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wdlove
May 11, 2004, 04:15 PM
Wake-up call

Researchers study how sleep works, how to do it better, and what goes wrong without it

By Carey Goldberg, Globe Staff *|* May 11, 2004

Uwe Koehn's father used to snore with such window-rattling power that you could hear him five rooms away. Never quite well-rested, he needed a nap each afternoon.

In recent years, Koehn, a tall, trim, 64-year-old statistician, began to take after his father -- as his wife, Helen, a retired librarian, could exhaustedly attest.

But times are changing. Instead of accepting tortured sleep as a part of life, Koehn went to the doctor. He was diagnosed with sleep apnea, a potentially dangerous breathing condition, and was prescribed a device that keeps his breathing regular during the night.

Doctors are increasingly recognizing such sleep deprivation as a health issue, as well as a quality-of-life problem. Hundreds of sleep clinics around the country now offer help to patients like Koehn. Drug companies are racing to offer better sleeping and waking in a pill, with two potential blockbuster drugs expected to reach the market in the coming months.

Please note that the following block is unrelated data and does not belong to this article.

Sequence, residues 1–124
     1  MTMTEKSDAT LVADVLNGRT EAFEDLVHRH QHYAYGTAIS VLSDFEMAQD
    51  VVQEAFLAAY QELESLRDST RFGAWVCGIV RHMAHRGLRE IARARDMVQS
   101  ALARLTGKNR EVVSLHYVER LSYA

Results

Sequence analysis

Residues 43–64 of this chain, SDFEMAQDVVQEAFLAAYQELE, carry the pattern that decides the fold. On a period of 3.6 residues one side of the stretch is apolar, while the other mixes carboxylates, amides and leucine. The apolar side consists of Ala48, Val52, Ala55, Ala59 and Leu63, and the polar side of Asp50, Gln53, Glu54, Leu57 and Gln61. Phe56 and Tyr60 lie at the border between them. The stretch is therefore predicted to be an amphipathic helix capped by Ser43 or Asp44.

And the science behind sleep medicine is gaining momentum, too, as researchers delve into the basic workings of sleep and learn more about the ill effects of sleep deprivation -- including heightened risks of premature death, heart disease, diabetes and depression.

http://www.boston.com/news/globe/health_science/articles/2004/05/11/wake_up_call/

kgarner
May 11, 2004, 05:17 PM
Maybe I should look into this. I never seem to get enough rest.

mactastic
May 11, 2004, 06:48 PM
My dad has sleep apnea, and uses one of those machines. My mom now gets to sleep without hearing the snoring, and my dad gets to sleep restfully. Sleep treatment is a growing area of medicine.

rueyeet
May 12, 2004, 01:48 PM
If they do find out how sleep works, can they tell me? :rolleyes: I've been saddled with insomnia--in my case, an inability to fall asleep--since toddlerhood. I haven't woken up truly rested on a regular basis in literally YEARS. It's more than a little bit of a pain.